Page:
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La Jornada, in Mexico City, shows Guzman shaking hands with Sean Penn

In the video, Guzman says the tradition of producing narcotics was passed to him by his ancestors and he got involved when he was 15. That would have been in the early 1970s, just as Richard Nixon declared the war on drugs. “The way… to be able to buy food, to survive, is to grow [opium] poppy and marijuana, and from that age I began to grow it, to harvest it, and to sell it,” he told the camera. (The court barely heard him talk in person, since he declined to speak in his defence.)

Such tales have spawned immense TV interest, which has in turn spread his story to a global audience. There are now multiple El Chapo documentaries and two Netflix dramatisations, El Chapo and Narcos. When the actor who plays him in the latter came into the court, Guzman looked over and smiled.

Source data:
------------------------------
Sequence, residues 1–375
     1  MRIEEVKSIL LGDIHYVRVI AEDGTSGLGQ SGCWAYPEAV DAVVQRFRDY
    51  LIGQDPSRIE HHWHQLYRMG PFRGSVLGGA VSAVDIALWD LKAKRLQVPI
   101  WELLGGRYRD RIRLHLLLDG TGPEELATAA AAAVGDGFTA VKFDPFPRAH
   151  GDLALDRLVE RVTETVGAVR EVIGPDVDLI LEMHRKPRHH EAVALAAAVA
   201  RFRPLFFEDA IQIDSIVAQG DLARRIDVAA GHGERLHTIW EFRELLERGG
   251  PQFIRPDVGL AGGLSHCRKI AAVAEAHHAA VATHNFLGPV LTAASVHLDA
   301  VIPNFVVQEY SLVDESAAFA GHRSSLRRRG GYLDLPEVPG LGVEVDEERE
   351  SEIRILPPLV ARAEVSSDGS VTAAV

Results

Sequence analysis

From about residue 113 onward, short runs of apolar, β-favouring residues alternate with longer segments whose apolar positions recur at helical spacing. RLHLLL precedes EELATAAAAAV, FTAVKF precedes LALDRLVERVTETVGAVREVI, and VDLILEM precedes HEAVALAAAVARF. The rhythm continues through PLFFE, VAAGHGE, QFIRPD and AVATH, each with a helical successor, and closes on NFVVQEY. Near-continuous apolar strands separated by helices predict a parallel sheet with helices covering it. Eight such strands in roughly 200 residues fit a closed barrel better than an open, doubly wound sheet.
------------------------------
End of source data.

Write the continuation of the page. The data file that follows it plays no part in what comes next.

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Alejandro Edda, who plays Guzman in the Netflix drama El Chapo

Some of the American news coverage reflected this fascination with the exotic and surreal. A TV reporter at the trial told me it all provided light relief from the divisive political issues that dominate US media in the Trump era.

But, watching the trial, mostly I felt sad. Putting aside the wild stories and the entertainment, the drug war in Mexico has been a humanitarian catastrophe. In the last decade, the nation has suffered more than 200,000 murders, most believed to be at the hands of drug cartel hitmen, known as sicarios, working alongside the police and soldiers who are assigned to fight them but too often work with them. (The court heard how the Sinaloa Cartel would bribe Mexican officials at every level, right up to a president.)

Witnesses described how Guzman personally took part in murders. Many other killings were carried out in his name. At one scene in Nuevo Laredo in 2012, there were 14 bodies hung from meat hooks, along with a note signed: “Attentively, Chapo. Remember I am your real daddy.”